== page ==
Infectious Diseases

sec_arr Hepatitis C

Hepatitis C

General Description: Hepatitis C is a relatively common viral infection that causes an inflammation of the liver. The initial (acute) infection frequently goes undetected, as jaundice occurs in only one in four cases. In the U.S., 2% of the adult population has hepatitis C infection; world-wide, 170 million persons have a long-term (chronic) infection. Unlike hepatitis A and B, there is no vaccine for hepatitis C.

Mode of Transmission: In the U.S., most frequently via high-risk sexual contact or intravenous drug use involving shared needles. Transmission through blood transfusion has been greatly reduced since the blood supply has been screened for hepatitis C beginning in the early 1990s. LEOs are at risk of percutaneous exposure during blind searches for contraband. Experimental studies have demonstrated that hepatitis C virus can survive in syringes with detachable needles for up to 9 weeks.

Efficiency of Transmission/Attack Rate: The risk of contracting the infection from a person depends upon the concentration of virus in the source patient. The risk of a percutaneous stick with a needle containing a high concentration of virus particles has been estimated at 3%.

Period of Communicability: 1 or more weeks before onset of symptoms; patients may remain infectious indefinitely.

Effect on LEO Fitness for Duty: The symptoms of acute hepatitis C can be debilitating and therefore can compromise physical capability and situational awareness. The spectrum of chronic hepatitis C infection ranges from an asymptomatic carrier state to liver failure requiring transplant and multi-system impairment and disability. Although interferon plus ribavirin continues to be available for the treatment of chronic hepatitis C, the advent of interferon-free, direct acting antiviral (DAA) therapy for chronic hepatitis C has changed management of this disease.9 DAAs are generally well tolerated and should not require monitoring for the side effects seen with interferon therapyc (see Medications chapter).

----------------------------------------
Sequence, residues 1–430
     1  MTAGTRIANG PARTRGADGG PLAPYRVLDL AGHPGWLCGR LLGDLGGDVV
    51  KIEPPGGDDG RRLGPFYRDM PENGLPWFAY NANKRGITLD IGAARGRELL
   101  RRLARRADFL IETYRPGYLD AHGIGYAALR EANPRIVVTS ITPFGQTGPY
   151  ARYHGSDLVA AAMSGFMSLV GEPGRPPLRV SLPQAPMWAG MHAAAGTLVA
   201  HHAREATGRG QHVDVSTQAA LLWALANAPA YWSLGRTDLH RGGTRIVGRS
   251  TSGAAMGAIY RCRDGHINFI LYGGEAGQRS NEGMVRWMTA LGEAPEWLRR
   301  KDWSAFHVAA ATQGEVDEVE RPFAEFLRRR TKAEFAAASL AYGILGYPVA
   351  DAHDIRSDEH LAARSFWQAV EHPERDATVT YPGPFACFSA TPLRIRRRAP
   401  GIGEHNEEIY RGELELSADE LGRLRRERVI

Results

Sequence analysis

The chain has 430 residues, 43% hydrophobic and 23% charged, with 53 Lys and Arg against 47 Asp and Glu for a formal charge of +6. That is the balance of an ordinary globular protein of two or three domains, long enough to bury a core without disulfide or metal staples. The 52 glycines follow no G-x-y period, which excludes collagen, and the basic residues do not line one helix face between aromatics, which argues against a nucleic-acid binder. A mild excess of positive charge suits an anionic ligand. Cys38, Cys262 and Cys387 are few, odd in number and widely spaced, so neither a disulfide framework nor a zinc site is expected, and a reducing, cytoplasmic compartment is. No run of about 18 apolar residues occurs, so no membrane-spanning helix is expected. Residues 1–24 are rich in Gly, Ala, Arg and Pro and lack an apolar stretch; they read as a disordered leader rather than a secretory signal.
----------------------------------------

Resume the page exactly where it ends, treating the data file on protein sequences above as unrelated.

HCV-positive LEO and Defensive Tactics Training

The potential for the LEO or recruit to sustain bleeding injuries exists in both the training facility and the routine work environment. The portals of entry of bloodborne pathogens are abrasions, other wounds, mucous membranes, or conjunctiva. However, the absolute risk of transmission is unknown in the absence of ongoing serosurveillance. Decontamination of training facility equipment should be performed on a routine basis (see Appendix A). Based on the likelihood of the LEO bleeding and the person being exposed having non-intact skin or a mucous membrane exposure; the Task Group has stratified risk of transmission into the three categories below. This list is meant to be exemplary only and is not intended to be a complete inventory of possible activities that can be considered.

Category I: Activities with no risk of bloodborne virus transmission:

  • Motor vehicle operation
  • Interviewing a non-violent, compliant subject
  • Searching a non-violent, compliant subject

Category II: Activities where bloodborne virus transmission is theoretically possible, but unlikely:

  • Physical training
  • Administering first aid
  • Use of duty weapons
  • Exposure to chemical agents – e.g., oleo-capsicum (OC) and/or orthocholorobenzal-malonotrite (CS)

Category III: Activities where there is definite risk of bloodborne virus transmission:

  • Defensive tactics training
  • Handcuffing
  • Restraining subjects
  • Administering first aid to violent subjects
  • Administering first aid to subjects having a seizure

In addition to these categories, the Task Group recommends that persons known to be infected with hepatitis C, be excluded from intentional skin breaching or puncturing (e.g., receiving a TASER discharge with darts).

Each risk assessment should be individualized. The evaluating physician may consider referring to the risk matrices found in the SHEA Guideline for Management of Healthcare Workers Who are Infected with Hepatitis B Virus, Hepatitis C Virus, and/or Human Immunodeficiency Virus.8 In this document, risk is stratified by the viral load (expressed as genome equivalents) and the degree to which an activity related to patient care could result in an exposure.

LEO-specific Clinical Studies and Reports:
Abel S, Césaire R, Cales-Quist D, Béra O, Sobesky G, Cabié A. Occupational transmission of human immuno-deficiency virus and hepatitis C virus after a punch. Clin Infect Dis. 2000;31(6):1494-5.

Rischitelli G, Lasarev M, McCauley L. Career risk of hepatitis C virus infection among US emergency medical and public safety workers. J Occup Environ Med. 2005;47:1174-81.

Hales T, Boal WL, Ross CS. Hepatitis C virus infection among public safety workers. J Occup Environ Med. 2002;44:221-3.